Thursday, October 4, 2012

Artichoke risotto

Ever since I had my first steamed artichoke with vinaigrette (I'm not talking about the canned stuff found in salad bars here!) I've been mildly obsessed with them. Artichokes aren't to be had in Moscow, but here in New York, they're plentiful, fresh and sometimes inexpensive.

After about three weeks of steaming artichokes, I finally ventured into new territory: artichoke risotto. I've never tried any, and I'm not sure I ever noticed one on a restaurant menu, but I was sure artichokes would be a great addition to risotto, and I combined its rich, slightly quirky flavor with a sharp old Pecorino cheese. Result? Lovely.

Here's what I use:
per person:

1 large artichoke
1/2 medium onion
1 clove garlic
1/2 cup rice (arborio, or sushi rice - short grain white rice, unwashed)
2 tablespoons olive oil
1/2 cube vegetable (or mushroom) bouillon
1 cup dry white wine
1/4 cup grated Pecorino cheese (plus more for garnish)
sprinkle of salt and freshly grated black pepper
1 lemon

Caution - artichokes are prickly.

Lop off the top; about an inch and a half. Lop off the stem if it's very long; you can leave about an inch on.

Prepare a bowl of water with half a lemon squeezed into it. Artichokes oxidizes rapidly; you will dip it in the lemon water as you work, and keep them submerged until they are ready to cook.
Next, pull back and break off some of the outer leaves - actually petals - about 20 or 30 of them.

Using a vegetable peeler (you can use a knife, but I find it easier with a peeler) peel/scrape away most of the tough outer parts.

You want to take away most of the fibrous green material, and leave just the white parts close to the stem.

This artichoke still needs more work.

Cut that in half - isn't that beautiful?

Dip both halves in the lemon water and leave one of them there, while you scoop out the hairy feathery middle with a (sturdy) teaspoon. You will want all of that pretty purply stuff gone. And be careful, they look pretty but they're very prickly.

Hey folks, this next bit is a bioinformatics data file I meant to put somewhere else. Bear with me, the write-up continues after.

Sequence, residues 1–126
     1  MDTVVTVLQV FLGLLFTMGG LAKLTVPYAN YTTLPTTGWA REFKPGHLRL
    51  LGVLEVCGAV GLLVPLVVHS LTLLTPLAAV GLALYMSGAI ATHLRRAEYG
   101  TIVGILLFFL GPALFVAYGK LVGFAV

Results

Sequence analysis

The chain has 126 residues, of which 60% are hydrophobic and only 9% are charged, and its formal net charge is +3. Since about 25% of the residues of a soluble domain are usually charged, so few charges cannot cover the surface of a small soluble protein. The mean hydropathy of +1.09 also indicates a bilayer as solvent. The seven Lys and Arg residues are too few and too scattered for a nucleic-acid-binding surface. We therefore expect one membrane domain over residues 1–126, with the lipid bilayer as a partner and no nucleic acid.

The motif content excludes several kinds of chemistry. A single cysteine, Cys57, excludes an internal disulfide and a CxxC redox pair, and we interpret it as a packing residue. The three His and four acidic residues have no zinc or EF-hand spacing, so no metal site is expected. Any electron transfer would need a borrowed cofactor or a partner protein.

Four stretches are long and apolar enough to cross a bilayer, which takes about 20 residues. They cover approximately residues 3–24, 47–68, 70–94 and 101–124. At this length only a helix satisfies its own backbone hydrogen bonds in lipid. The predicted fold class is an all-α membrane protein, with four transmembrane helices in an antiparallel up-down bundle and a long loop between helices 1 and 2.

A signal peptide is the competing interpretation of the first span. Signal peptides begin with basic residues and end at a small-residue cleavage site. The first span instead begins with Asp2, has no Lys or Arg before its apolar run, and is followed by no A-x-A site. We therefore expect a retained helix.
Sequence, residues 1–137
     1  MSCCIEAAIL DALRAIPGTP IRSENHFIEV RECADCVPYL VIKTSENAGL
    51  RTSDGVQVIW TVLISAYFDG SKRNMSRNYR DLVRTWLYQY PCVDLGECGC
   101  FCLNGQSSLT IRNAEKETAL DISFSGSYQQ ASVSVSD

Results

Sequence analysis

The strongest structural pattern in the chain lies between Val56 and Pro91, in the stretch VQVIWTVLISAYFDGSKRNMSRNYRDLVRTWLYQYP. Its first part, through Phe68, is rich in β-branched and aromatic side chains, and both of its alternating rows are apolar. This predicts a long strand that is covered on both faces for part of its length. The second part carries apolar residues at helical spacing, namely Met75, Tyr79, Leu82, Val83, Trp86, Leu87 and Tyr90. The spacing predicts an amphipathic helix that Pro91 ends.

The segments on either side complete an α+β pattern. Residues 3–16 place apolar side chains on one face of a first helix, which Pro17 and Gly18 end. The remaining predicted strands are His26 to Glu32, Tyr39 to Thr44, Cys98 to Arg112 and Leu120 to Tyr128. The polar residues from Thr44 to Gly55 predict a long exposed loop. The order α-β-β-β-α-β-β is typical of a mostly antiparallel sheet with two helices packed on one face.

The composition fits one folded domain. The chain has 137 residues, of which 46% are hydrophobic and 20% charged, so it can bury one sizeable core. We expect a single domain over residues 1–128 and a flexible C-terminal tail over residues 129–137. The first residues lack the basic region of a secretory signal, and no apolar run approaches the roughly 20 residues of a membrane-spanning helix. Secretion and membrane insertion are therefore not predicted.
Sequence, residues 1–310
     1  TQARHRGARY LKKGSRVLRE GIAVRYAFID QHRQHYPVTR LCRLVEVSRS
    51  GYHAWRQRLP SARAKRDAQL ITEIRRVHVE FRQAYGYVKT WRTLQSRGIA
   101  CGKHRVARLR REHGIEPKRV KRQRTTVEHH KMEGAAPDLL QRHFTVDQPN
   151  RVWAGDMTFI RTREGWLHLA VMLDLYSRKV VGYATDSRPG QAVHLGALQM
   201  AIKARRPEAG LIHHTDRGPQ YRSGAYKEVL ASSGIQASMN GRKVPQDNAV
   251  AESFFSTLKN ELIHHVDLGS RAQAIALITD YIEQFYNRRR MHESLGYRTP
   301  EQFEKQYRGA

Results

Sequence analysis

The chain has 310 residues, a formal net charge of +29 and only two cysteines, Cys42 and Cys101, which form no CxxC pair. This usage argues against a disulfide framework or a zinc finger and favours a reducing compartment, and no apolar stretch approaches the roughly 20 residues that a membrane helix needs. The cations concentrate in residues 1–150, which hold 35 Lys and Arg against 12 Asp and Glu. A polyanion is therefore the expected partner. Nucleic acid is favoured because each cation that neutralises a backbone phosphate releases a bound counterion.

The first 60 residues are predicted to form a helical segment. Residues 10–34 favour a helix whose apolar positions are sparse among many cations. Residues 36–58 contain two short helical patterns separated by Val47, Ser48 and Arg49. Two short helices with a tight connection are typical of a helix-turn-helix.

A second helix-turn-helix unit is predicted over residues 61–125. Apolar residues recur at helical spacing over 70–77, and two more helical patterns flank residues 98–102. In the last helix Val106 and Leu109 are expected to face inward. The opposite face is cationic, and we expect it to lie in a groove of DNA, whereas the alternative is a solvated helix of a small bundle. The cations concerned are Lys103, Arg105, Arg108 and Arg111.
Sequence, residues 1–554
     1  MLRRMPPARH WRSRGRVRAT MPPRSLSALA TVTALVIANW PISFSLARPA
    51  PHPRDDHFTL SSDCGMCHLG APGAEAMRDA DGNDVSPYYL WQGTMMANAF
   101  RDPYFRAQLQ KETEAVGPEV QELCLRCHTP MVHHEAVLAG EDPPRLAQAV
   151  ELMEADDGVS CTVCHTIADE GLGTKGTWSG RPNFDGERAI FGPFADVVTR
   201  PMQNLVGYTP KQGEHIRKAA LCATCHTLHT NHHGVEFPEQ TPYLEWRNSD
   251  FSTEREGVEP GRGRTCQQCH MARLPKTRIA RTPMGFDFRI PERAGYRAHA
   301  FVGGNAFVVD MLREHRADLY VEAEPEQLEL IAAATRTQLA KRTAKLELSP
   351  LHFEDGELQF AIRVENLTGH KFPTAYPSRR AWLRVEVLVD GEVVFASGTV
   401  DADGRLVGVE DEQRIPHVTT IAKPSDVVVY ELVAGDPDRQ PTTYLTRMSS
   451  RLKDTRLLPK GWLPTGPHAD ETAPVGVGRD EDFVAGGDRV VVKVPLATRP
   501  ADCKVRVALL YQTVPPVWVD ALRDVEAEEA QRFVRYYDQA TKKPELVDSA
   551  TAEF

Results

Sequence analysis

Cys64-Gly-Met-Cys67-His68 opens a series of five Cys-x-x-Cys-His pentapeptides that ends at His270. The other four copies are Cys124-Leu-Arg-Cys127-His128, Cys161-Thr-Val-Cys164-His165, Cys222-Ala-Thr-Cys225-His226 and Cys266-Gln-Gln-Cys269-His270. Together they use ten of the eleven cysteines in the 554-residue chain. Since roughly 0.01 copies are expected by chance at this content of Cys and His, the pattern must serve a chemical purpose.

Here are the cleaned artichoke halves. You will have far, far more garbage than edible parts. But that's just how artichokes are. Love them or hate them.

Lay the halves face down, and slice into wedges about a quarter of an inch thick.

Submerge in the lemon water again until ready to use.

Finely chop the garlic, dice your onion, and saute in olive oil over medium high heat.

Add the rice and continue stirring, until the rice turns slightly translucent.

Add the artichokes, and turn up the heat as high as it will go and continue tossing and stirring to avoid burning.

When everything is really really hot...

... pour in the wine, all at once. Stir quickly.

If you're feeling very fancy, you can use dry white champagne.

When the wine has almost completely evaporated, add half a cup of water, and crumble in the cube of bouillon. 

Continue stirring and cooking over high heat, adding half cups of water as it evaporated. 

Cook for 15 or 20 minutes, until the rice is still  firm, but not crunchy any more. You want it al dente, not porridge-like. 

Turn off the heat, and sprinkle in the Pecorino cheese and give it a quick stir. Season with salt and pepper to taste. 

You can also add a sprinkle of lemon juice here if you like tart food - I do!

Sprinkle a little more Pecorino on top and serve immediately. It makes a good filling dinner even if it is vegetarian, and goes well with salad of any kind. Just be careful with wine, though, because artichokes have a chemical that change taste perception in your mouth and your wine won't taste the same. 



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